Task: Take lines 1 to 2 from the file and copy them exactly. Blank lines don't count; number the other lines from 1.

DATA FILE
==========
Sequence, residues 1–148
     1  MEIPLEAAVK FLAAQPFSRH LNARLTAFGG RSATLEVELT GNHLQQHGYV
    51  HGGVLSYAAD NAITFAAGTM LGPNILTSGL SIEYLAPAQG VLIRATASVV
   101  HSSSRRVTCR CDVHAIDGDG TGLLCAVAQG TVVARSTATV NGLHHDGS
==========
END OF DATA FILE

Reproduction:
Sequence, residues 1–148
     1  MEIPLEAAVK FLAAQPFSRH LNARLTAFGG RSATLEVELT GNHLQQHGYV